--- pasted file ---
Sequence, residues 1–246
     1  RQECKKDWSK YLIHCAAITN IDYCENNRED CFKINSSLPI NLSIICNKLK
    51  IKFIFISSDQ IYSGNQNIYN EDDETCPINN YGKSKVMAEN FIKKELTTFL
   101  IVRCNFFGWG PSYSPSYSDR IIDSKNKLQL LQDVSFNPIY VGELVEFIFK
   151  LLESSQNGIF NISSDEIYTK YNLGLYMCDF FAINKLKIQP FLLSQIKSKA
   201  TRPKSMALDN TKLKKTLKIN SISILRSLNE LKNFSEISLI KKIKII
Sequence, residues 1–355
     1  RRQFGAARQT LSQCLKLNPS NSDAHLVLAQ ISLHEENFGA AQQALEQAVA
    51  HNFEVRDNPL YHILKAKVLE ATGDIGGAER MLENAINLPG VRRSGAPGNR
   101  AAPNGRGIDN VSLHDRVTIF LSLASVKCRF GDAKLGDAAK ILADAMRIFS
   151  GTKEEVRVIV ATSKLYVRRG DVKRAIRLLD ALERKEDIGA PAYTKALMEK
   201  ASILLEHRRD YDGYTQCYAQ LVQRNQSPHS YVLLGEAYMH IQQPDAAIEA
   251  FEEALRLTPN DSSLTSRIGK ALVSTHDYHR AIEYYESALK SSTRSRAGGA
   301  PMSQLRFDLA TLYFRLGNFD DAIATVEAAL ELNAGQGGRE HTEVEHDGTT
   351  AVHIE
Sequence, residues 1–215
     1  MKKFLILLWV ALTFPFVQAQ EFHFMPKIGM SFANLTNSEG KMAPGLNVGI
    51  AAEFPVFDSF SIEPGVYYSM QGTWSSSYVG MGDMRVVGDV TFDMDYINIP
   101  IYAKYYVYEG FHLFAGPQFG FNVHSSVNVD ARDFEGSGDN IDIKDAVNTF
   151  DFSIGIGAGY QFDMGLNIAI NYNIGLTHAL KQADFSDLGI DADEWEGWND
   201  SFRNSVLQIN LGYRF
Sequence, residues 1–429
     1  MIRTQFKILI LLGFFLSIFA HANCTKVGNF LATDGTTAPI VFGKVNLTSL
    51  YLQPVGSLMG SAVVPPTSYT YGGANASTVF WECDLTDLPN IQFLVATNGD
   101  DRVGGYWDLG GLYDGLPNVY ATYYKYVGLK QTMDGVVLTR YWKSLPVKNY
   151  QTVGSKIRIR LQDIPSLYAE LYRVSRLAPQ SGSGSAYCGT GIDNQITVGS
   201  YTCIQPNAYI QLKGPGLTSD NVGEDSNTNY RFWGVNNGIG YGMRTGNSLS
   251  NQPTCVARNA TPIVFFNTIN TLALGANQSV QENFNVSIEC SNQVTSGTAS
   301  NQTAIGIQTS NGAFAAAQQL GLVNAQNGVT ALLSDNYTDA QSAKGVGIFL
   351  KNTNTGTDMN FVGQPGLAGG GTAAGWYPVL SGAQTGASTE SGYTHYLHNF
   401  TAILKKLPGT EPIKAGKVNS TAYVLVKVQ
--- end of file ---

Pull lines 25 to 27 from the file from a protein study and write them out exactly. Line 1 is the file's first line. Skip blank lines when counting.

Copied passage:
   101  DRVGGYWDLG GLYDGLPNVY ATYYKYVGLK QTMDGVVLTR YWKSLPVKNY
   151  QTVGSKIRIR LQDIPSLYAE LYRVSRLAPQ SGSGSAYCGT GIDNQITVGS
   201  YTCIQPNAYI QLKGPGLTSD NVGEDSNTNY RFWGVNNGIG YGMRTGNSLS